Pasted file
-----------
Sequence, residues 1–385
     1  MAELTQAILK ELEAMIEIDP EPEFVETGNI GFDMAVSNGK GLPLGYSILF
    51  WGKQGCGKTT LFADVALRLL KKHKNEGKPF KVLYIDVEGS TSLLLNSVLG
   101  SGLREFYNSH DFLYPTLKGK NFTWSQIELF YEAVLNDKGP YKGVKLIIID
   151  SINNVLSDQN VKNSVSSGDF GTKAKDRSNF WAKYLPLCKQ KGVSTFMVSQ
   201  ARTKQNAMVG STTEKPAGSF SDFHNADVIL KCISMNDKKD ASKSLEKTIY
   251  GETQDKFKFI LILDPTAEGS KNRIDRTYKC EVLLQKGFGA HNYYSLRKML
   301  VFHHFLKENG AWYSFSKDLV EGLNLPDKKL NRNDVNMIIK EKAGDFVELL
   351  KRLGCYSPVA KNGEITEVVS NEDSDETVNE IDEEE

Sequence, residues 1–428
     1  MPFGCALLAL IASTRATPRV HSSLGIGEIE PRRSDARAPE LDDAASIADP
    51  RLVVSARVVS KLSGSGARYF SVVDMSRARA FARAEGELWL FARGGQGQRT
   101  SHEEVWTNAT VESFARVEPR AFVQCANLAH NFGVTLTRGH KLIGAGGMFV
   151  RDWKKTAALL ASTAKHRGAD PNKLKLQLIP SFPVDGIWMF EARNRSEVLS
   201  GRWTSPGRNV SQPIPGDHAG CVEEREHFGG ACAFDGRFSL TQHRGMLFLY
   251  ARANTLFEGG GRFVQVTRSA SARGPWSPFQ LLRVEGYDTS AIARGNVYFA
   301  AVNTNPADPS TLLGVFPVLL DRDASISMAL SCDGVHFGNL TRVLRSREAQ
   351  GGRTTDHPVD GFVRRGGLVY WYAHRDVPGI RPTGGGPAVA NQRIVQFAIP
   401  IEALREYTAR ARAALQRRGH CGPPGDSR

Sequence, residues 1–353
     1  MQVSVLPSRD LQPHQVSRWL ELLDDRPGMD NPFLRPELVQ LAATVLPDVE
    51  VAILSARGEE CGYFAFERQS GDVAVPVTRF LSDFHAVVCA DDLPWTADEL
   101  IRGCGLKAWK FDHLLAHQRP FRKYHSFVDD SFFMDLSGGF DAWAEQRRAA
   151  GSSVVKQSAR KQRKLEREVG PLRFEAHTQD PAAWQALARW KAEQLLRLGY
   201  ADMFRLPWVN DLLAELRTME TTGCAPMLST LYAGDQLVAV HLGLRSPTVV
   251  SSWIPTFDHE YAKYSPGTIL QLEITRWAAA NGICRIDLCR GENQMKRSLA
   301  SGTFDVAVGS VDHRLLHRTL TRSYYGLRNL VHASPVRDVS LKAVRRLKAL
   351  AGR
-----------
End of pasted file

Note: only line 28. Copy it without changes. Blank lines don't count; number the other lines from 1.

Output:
   351  AGR